yoga and Permaculture
Both are about living in harmony and creating balance. Permaculturists can grow food just about anywhere, repair environmentally damaged lands, design lovely and long lasting green-buildings, produce power ,run successful people-oriented businesses, and build authentic community. All by using fundamental permaculture principles and applying the three Permaculture Ethics:
- Care of People
- Care of Earth
- Share the Surplus
Permaculture is a creative and artful way of designing our lives, where waste become resources, productivity and yields increase, work is minimized, people and nature are preserved. All by thoughtful planning and a respectful approach to life. Thus embraced, we create an environment where all may thrive for future generations.
We as humans have the ability to re-design the world we live in. All it takes is desire, know how, will, and time. Even if it takes 50-100 years, the change can begin with each one of us right now and the effects of our work will have beneficial consequences for generations. Consider this: The ratio of tensile strength-to-density of spider silk is approximately 5 times greater than that of steel, while a single thread, wrapped around the earth, would weigh only 1 pound (16 oz.). The amount of sunlight that intersects our earth in 40 minutes is equivalent to the total, global-annual-consumption of energy. Permaculturists look at facts such as these and ask the question. 'If there is that much energy available, and if a spider can make something so strong simply by eating crickets, what kind of world can we create for ourselves and our neighbors if we work hand-in-hand with the natural systems surrounding us?'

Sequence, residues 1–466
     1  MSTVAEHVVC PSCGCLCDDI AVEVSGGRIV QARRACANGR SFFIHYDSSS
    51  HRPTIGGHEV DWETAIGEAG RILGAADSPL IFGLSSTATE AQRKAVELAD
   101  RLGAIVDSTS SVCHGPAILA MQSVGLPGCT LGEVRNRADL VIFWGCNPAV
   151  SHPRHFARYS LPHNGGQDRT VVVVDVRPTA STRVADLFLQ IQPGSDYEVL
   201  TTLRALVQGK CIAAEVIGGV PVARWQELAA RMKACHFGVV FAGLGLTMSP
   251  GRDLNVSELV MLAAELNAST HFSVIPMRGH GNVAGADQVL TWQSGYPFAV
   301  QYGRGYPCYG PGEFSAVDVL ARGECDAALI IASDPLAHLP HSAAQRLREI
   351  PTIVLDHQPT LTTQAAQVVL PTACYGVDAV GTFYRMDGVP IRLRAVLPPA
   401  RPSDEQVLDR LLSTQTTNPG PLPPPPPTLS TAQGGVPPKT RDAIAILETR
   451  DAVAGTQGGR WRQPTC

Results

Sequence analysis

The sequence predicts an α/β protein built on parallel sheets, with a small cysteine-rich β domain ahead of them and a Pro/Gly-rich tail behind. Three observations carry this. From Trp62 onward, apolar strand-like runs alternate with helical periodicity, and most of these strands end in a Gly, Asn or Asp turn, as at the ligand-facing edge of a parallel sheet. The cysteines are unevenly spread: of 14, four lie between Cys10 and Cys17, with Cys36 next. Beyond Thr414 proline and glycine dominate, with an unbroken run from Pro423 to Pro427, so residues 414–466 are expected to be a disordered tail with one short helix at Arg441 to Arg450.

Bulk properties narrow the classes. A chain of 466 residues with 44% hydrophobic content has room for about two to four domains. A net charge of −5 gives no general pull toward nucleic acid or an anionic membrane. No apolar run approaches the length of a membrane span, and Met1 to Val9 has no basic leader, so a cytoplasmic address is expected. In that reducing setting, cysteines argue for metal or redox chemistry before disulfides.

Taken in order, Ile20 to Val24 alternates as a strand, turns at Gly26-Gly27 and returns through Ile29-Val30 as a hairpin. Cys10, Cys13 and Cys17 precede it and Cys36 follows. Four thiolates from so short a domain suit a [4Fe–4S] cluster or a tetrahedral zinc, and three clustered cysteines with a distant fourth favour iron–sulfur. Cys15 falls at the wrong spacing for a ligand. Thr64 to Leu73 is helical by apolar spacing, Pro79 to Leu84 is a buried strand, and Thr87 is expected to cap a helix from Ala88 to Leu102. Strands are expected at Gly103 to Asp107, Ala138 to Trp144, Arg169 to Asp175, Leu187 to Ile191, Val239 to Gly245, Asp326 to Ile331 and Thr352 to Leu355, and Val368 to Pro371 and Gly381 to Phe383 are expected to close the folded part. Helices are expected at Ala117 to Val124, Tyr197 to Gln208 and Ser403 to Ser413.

The goal of permaculture is to create harmonious relationships with all aspects of our life, to learn how to live abundantly well without hurting or polluting our surroundings and actually leave the planet in better condition than when we arrived on it. To be clear, permaculture is a lot more than just food production. A thorough study of permaculture invites us to look at our homes, our uses and sources of energy, our methods for providing food and comfortable shelter, our work, our relationships with others, and even our relationship with ourselves.